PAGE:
Science.gov (United States)

    Agboola, Omowunmi Sola; Emmanuel, Michael

    2016-01-01

    This study investigated awareness of climate change and sustainable development among undergraduates in two universities: University of Ibadan, Ibadan and Ladoke Akintola University of Technology, Ogbomoso in Oyo State of Nigeria. This was aimed at increasing the knowledge of undergraduates on climate change and sustainable development. The study…

  18. Empirical Investigation of Select Personality, Attitudinal, and Experience-Based Antecedents of Cultural Intelligence in Undergraduate Business Students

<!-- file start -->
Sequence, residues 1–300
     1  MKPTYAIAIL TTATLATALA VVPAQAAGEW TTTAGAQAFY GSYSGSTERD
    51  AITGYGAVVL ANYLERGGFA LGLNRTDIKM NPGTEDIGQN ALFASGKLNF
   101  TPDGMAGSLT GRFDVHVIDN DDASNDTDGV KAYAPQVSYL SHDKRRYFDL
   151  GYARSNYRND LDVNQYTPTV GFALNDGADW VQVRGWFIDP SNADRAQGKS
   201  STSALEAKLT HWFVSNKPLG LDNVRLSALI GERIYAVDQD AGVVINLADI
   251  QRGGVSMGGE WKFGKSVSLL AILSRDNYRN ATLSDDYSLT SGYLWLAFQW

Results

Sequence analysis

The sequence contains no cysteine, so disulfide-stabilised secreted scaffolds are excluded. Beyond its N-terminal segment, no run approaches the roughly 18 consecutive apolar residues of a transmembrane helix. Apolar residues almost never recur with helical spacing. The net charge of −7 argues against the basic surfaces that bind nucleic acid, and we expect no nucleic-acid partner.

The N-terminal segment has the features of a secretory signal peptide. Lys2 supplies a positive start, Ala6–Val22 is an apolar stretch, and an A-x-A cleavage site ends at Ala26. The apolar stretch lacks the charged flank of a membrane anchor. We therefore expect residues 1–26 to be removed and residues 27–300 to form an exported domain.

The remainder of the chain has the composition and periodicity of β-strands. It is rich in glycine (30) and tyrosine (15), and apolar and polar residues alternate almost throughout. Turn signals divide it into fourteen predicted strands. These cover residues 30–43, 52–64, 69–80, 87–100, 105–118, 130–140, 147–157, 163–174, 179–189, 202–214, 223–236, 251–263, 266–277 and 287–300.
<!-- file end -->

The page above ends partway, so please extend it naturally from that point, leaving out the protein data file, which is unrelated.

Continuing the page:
Science.gov (United States)

    Kurpis, Lada V.

    2012-01-01

    Fostering cultural intelligence development in undergraduate business students should be one of the goals of diversity education in undergraduate business programs due to the demands of the increasingly global workplace of today. A number of personality-based (e.g., self-monitoring personality trait), attitudinal (e.g., preference for jobs…

  19. Emotional intelligence and academic performance of medical undergraduates: a cross-sectional study in a selected university in Sri Lanka.

    Science.gov (United States)

    Wijekoon, Chandrani Nirmala; Amaratunge, Heshan; de Silva, Yashica; Senanayake, Solith; Jayawardane, Pradeepa; Senarath, Upul

    2017-09-25